Daniel B. Tanh, LCSW (he/him/his) is a Chinese American take-out kid, son of Cambodian Chinese refugees, Brooklyn resident, Philadelphia native, and current student in the Doctorate of Clinical Social Work Program at NYU Silver. He received his BA in Biological Basis of Behavior and Science, Technology, and Society from the University of Pennsylvania, and he received his MSW from NYU Silver. He centers social justice as a core value and believes that mental health is about individual and community wellness. He brings compassion and insight from his clinical and leadership experiences partnering with people in youth and volunteer programs, ACT, PROS, OnTrackNY, and leading the Jewish Board’s Confronting Structural Racism initiatives. Currently, in addition to his psychotherapy, coaching, and consulting practice, he organizes with the New York Coalition for Asian American Mental Health. He is also the Assistant Director of Learning Innovation at the NYU McSilver Institute, where he supports the training and growth needs of the New York mental health workforce, including the state's new Youth ACT teams.
Tristan Madeja Vizconde, LCSW
Tristan Madeja Vizconde, LCSW (he/him) is a 1.5 generation Queer Filipino-American who recently started his own private practice and is also a psychotherapist and clinical supervisor at NYC Affirmative Psychotherapy. NYCAP is a Queer Black owned and BIPOC lead practice whose mission is to provide affirmative psychotherapy in a sustainable way to the community. Prior to his time at NYCAP, Tristan has worked in many socially focused organizations including APICHA which was originally known as Asian & Pacific Islander Coalition on HIV/AIDS. Tristan started as a volunteer, then a peer-educator in their youth program, and finally the Community Health Education Coordinator for his last couple of years at the organization. He then decided to move on from non-profit and had a brief stint in the pastry world because chocolate is life. After further soul searching, Tristan decided to go back to school and got his MSW at Silberman School of Social Work: Hunter College. Outside of mental health, Tristan is half of an alaka’i (leader) pair for Na Pua Mai Ka Lani Nuioka, a hula hui (club) here in Queens, NYC. This hui’s goal is to perpetuate hula, Hawaiian culture and their kumu’s teachings as best as they can since his passing in 2015.
Crystal Huang, LMSW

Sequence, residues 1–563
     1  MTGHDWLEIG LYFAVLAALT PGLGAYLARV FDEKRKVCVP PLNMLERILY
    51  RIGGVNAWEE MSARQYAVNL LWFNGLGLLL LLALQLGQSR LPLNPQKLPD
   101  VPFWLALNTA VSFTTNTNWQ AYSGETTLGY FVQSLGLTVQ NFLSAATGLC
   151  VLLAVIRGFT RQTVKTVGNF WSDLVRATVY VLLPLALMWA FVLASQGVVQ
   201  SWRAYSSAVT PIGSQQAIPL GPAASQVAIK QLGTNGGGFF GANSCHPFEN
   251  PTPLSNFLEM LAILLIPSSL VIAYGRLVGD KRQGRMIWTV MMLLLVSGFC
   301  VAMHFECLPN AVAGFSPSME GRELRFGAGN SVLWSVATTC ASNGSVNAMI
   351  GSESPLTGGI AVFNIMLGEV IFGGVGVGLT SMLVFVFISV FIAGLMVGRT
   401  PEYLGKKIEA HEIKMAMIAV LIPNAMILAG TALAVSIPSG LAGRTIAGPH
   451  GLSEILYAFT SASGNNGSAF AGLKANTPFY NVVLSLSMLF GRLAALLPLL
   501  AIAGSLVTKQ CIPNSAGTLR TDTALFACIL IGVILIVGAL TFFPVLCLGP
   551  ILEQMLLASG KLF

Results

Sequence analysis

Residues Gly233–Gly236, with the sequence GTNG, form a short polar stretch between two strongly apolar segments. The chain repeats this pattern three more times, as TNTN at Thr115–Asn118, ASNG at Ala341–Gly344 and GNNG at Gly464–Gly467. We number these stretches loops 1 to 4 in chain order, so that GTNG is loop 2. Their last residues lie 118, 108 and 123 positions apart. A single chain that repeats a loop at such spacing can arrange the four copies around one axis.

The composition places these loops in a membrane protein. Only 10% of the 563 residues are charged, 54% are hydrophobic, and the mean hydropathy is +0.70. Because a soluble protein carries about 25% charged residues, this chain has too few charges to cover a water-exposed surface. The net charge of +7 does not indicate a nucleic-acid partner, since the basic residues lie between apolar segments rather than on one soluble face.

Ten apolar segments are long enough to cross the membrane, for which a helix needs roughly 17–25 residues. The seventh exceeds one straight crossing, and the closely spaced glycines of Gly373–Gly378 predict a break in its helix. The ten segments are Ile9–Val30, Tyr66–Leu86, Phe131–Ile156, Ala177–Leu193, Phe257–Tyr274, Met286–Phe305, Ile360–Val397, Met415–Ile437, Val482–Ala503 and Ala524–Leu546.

Crystal obtained both her Bachelor of Social Work (BSW 2020) and Master of Social Work (MSW 2021) from CUNY Hunter College. Crystal's social work internships involved working at NORCs (Naturally Occurring Retirement Communities) in Chinatown, such as VNS's Chinatown NNORC and Hamilton Madison House's Smith Senior Services.
In spending time with the senior population, Crystal gained an understanding of the value and the need for companionship and community for her clients. Through those opportunities, this led Crystal to gain an interest in mental health topics such as self-care, intergenerational trauma, social isolation, and seniors with anxiety and depression.
Crystal also participated in HCAP's (Hunter College AANAPISI (Asian American and Native American Pacific Islander Serving Institutions) Project) Asian American Studies Oral History Project that explored Asian American history and Asian American Studies (AAS) history at Hunter - the efforts and what was at stake in fighting for AAS curriculum and programming. The project touched upon themes of identity, racial justice, and oppression, which are some core aspects related to one's mental health. Crystal gained an appreciation for storytelling, representation, and a sense of collective purpose from that project.
Crystal currently works as a licensed social worker in NYC Health + Hospitals/Elmhurst Hospital Center as of this past year. Crystal works on an Inpatient Medicine unit, completing psychosocial assessments, making referrals for services, advocating for patients, providing supportive counseling, and meeting with the interdisciplinary teams daily to establish safe discharge planning for patients.
Jiepin Cao, PhD
Dr. Cao's research focuses on the health of historically marginalized populations with a particular interest in violence and trauma. Her work aims to 1) examine how social and structural drivers shape inequity in exposure to violence/trauma and access to relevant health services from a gendered perspective; and to 2) understand the role of violence and trauma in stigmatizing mental and sexual health conditions (e.g., substance abuse, depression, and HIV) from the lens of intersectionality and syndemics. Currently, she is leading a project to understand multilevel factors associated with mental health service utilization in Asian Americans using a mixed methods design.